Ten different ways to make organic compost for your garden

Ten different ways to make organic compost for your garden

Growing your own vegetables is one of the easiest ways to do something great this summer. In this article Janice discusses ten different ways to make organic compost for your garden. This article gives an overview of organic gardening with the pros and cons. It saves a lot of emissions in packaging, transporting, and cooling food. And it is fun. And at the same time, you can close a loop and turn your kitchen and garden waste into compost. This way you don't have to go to the garden center to buy expensive compost.

But how do you compost and which type of compost suits your situation? From a compost pile to worm compost and bokashi. Whether you have a balcony, a small garden, or a large garden. Composting is always possible. How will you make compost?

What is compost?

Compost is ultimately digested organic matter in a form that is absorbable by soil life and plants. Perfectly mature compost already begins to resemble hummus and is full of nutrients and acts like a sponge. Formally, bokashi doesn't belong there (because it's technically a fermentation process), but because bokashi is also a solution for converting kitchen waste into plant food, I've included it too. Furthermore, it is good to know that you should focus on soil life, not plants. If you feed the soil life, they will feed your plants.

Ten ways to make compost

Compost Method 1: Chop drop

Chop drop is especially suitable for wild plants.

The easiest way to make compost is on the spot in the garden. Is there a wild plant among your beets and other vegetables? Pull it out and drop it on the spot. The plant will dry out on the spot and be absorbed by fungi, bacteria, protozoa worms, and other soil life, feeding the soil right near your pods and beets.

And you don't have to lug around buckets and wheelbarrows. On a slightly larger scale, it can also be done with, say, a hedge that you trim. Don't rake away the trimmings, just shovel or rake them under the bush. There at first forms shelter for all sorts of critters and then nourishment for your hedge.

Compost method 2: Mulching

Mulching is especially suitable for: garden ‘waste' such as pruning, leaves, wood chips, grass clippings, and thinner branches.

Mulching is somewhat similar to chop drop but is more targeted. Mulching is also called surface composting. Especially with perennials, it can help gradually get good nutrition into the soil without disturbing the soil (and soil life and roots). A fruit tree often roots superficially, so you don't want to dig at that.

But you can just put organic material down in the tree bed. There it will slowly compost by itself and be washed down by rainwater or mixed by worms with the soil below. You'll also keep the soil covered from bright sun and dry winds this way, so it's less likely to dry out. If you are going to mulch on poor soil I recommend starting with a thin layer.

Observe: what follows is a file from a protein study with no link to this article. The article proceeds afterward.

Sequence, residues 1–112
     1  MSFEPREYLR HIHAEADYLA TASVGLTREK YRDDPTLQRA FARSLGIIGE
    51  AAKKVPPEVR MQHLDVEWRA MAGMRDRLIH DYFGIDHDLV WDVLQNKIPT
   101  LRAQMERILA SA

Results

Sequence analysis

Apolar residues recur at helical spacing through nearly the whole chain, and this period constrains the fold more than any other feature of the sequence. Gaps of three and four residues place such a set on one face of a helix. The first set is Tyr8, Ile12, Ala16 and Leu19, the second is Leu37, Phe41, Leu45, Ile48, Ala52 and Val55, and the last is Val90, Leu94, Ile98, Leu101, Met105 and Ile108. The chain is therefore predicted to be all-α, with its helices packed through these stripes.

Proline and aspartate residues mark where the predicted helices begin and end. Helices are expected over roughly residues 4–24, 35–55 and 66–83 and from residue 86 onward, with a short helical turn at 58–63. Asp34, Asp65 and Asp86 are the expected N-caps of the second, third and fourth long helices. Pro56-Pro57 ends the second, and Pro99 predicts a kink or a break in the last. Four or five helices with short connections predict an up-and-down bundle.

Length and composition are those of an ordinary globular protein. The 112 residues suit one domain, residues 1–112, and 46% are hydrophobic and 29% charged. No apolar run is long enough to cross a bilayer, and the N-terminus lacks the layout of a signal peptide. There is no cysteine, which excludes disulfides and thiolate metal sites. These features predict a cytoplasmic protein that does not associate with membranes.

That way you build up soil life which can process the mulch. Then you can use a slightly thicker layer because you already have more soil life, etc. The best is a nice mix of all kinds of organic materials. Woody materials and more moist green materials mixed together. That way you get a diverse supply of nutrients and the mulch stays airy.

Compost method 3: The leaf basket

The leaf basket is especially good for leaves.

In the fall, you can collect a bunch of leaves and throw them in a basket. In many municipalities, there are also leaf baskets where your neighbors throw their leaves. You can empty these and use them for something useful. For your own leaf basket, a piece of chicken wire in a circle is sufficient. Think of a meter diameter and a meter high. But it doesn't take much. Throw your basket full of leaves.

Preferably leaves of pioneers like birch and alder or for example linden. The leaves of climax trees like oak and beech can also be used, but take longer. You can use them, but then in the mix with other leaves. You can just leave it in a place that is not too wet. Covering it against heavy rain helps. Also to make sure the leaves don't blow out of the basket.

And with any luck, you'll have nice airy leaf compost by spring. That's ideal for seeding because it's so airy. If you don't want to buy seedling compost, start a leaf basket each fall.

Compost method 4: A compost barrel

A compost barrel is suitable for: all kinds of kitchen and garden waste.

Composting can also be done in a compost bin. In some municipalities, you can get one for free or with a discount. A compost bin is often double-walled and therefore insulated. This is an advantage because it makes it easier to get the compost up to temperature, even for smaller quantities and in winter.

But it is also a disadvantage because it is harder for oxygen to enter the compost. Soil creatures like worms and bacteria also need to breathe. A compost barrel is closed and therefore suitable if you have vermin-like rats in the neighborhood.

Kitchen Compost

Compost method 5: The compost heap

The compost heap is particularly suitable for: large gardens with lots of garden waste.

An old-fashioned compost heap is also possible, of course. Some swear by an open heap because that would give better aeration and less weight on the bottom layers. Others make a container from pallets, for example. Important is that you aim for about one cubic meter. A smaller compost heap will not reach the right temperature and the composting process will take a long time.

Start with a layer of “brown” material. These are woody carbon-rich materials that provide structure and aeration. Then add an equally thick layer of ‘green' material. Think of your kitchen scraps, grass clippings, and fresh leaves. These mainly add nitrogen and moisture.

Repeat until your pile is big enough, then add a few hands of good black garden soil. There is already a lot of soil life in there that you can use to ‘graft' your compost into. Moreover, the grains of sand in the stomachs of worms help to grind everything up nicely. Now your compost pile is ready.